Updated: Jan 20, 2022
In late 2020, Sacramento City Council allocated $2.7 million of its $89 million in federal coronavirus stimulus funding and $2 million in additional federal funding toward rental assistance for low-income residents. Renters could apply for up to $4,000 in assistance paid directly to their landlords through a Sacramento Emergency Rental Assistance (SERA) program with the Sacramento Housing and Redevelopment Agency (SHRA).
Sounds great, but is it really?
According to Sacramento Eviction Defense Network (EDN), which was formed in August 2020 to prepare for the expected wave of evictions that will result after the eviction moratorium ends, the program falls short in helping renters. Why? It puts all the power with the landlord.
What’s really happening? Here’s an example from one Sac EDN client.
A local tenant applied for CARES Act funding through the SERA program and was approved to receive the maximum amount of funding. But, the landlord declined to sign the certification document necessary to actually distribute the funds.
Why? The likely reason: if a landlord accepts the funds, they have to write off the remaining and/or future past due rent debt accumulated by the tenant. That would be a great outcome for the tenant. But from a landlord's perspective, they would lose a ton of money.
Due to the way the SERA program is structured tenants only get assistance if the landlords agree to these terms. If the landlord declines, the renter cannot receive rental assistance leaving them in the same deep debt.
Without rental assistance, tenants could and will be left in massive debt, possibly unhoused, and unable to recover from the financial and credit issues that would come from this.
What’s at stake?
We already have over 10,000 unhoused folks on Sacramento County streets and this has the potential to put many thousands more in the same scenario. New federal funding is coming to the City of Sacramento and Sacramento County. So it is essential that the SERA program or any other program developed to disperse these funds is modified and does not require landlord approval so that tenants can actually get the financial assistance they need to help with back rent debt due to COVID.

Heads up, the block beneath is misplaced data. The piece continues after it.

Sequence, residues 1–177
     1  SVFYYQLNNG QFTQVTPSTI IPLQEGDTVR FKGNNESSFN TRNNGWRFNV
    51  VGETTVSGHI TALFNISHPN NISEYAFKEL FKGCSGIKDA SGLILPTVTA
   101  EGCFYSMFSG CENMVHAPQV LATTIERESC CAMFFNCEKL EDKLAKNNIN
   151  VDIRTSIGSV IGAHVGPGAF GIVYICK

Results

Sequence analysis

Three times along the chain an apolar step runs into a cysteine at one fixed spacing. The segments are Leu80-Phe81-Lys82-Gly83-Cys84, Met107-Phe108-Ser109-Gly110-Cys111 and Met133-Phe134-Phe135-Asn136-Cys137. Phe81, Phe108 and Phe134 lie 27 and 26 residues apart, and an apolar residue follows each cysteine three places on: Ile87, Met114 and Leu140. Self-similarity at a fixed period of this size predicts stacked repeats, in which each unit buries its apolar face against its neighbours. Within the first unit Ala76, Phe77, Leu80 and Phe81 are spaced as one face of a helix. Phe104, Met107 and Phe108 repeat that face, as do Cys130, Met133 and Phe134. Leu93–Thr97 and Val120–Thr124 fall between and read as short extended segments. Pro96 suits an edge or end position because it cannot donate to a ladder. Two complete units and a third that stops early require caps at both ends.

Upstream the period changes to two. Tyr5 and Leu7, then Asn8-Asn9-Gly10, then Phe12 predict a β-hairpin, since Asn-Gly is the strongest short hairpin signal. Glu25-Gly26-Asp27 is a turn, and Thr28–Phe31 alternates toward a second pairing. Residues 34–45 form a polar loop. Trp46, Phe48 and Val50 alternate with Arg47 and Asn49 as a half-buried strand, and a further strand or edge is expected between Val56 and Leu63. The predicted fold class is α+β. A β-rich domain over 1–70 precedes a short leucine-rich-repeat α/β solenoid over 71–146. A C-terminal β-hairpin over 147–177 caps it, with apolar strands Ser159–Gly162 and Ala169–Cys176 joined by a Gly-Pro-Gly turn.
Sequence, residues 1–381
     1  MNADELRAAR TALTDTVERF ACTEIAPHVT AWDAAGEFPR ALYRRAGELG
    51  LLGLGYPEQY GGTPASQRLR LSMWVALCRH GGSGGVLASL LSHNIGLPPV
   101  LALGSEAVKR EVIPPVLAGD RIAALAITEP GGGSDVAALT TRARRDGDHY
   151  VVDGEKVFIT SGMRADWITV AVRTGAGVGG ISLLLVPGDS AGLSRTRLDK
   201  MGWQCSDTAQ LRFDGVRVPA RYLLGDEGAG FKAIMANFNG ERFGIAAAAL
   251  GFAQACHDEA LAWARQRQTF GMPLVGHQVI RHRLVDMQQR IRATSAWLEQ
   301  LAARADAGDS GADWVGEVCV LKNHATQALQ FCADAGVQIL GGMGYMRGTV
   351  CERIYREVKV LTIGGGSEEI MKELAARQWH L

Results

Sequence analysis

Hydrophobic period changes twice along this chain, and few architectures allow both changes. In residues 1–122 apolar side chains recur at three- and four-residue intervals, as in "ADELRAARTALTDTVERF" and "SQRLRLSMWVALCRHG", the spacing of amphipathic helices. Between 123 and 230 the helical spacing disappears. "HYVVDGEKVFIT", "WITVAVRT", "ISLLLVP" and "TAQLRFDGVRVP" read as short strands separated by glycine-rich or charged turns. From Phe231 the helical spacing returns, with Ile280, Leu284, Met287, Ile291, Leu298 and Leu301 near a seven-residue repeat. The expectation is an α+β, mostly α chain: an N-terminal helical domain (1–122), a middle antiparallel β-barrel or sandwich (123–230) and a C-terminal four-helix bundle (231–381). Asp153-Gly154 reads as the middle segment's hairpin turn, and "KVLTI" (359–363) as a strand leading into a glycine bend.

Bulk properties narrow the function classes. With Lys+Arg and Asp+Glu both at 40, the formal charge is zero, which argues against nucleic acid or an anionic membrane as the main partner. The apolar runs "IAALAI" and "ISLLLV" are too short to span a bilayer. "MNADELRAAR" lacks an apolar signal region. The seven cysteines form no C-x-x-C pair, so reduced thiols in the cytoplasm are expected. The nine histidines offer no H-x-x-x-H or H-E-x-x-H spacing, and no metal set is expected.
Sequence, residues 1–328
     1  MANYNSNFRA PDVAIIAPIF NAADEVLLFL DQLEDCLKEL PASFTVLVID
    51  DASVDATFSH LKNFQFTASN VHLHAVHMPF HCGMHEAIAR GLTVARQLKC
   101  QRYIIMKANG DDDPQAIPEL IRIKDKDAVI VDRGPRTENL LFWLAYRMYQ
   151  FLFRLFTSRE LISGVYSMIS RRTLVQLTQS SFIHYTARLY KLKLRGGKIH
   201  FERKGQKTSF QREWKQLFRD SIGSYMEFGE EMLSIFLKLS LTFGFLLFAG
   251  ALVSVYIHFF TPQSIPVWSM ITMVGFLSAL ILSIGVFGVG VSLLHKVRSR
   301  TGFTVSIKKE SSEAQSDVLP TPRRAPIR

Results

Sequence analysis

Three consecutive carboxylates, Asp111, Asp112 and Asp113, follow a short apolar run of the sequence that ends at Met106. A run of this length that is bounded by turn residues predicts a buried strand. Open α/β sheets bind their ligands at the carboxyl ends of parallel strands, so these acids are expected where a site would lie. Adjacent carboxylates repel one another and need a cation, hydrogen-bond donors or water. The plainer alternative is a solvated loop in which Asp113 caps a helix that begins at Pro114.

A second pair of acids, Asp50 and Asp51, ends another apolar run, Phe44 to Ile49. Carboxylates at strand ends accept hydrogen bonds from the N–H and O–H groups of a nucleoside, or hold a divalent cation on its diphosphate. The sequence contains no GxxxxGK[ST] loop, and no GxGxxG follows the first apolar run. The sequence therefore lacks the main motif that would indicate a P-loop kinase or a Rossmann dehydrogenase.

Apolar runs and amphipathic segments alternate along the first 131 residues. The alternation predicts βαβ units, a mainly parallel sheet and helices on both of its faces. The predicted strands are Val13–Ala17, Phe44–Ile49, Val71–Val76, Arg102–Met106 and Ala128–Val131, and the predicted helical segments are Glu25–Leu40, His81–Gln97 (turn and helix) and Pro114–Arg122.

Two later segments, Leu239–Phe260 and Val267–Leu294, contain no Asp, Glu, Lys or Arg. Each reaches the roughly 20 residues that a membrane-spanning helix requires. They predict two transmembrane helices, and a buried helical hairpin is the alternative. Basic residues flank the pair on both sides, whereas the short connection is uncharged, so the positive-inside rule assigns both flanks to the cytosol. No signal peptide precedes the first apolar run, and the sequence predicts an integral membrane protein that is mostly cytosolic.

Sac EDN has already sent a letter with specifics of this situation to the city council and mayor. Reach out to your City Councilmember to ask that:
Federal rent assistance monies be provided to tenants in a way that does not require landlords to sign off on the distribution of the funds. It needs to be tenant-friendly, not landlord-centric.
The limit for funding be raised from $4,000 to perhaps a percentage of past due rent owed like 80% or something that significantly helps those who receive assistance.
Helping people with a quarter of their debt, though nice will still keep folks in substantial debt that may take many years to crawl out from under, if they are able to survive it at all without joining the thousands of unhoused folks on our streets.
We are hoping this gets on the city council agenda and is discussed in the coming weeks, but community pressure to have a more tenant friendly rent assistance process is what is needed and what we are asking the community to support.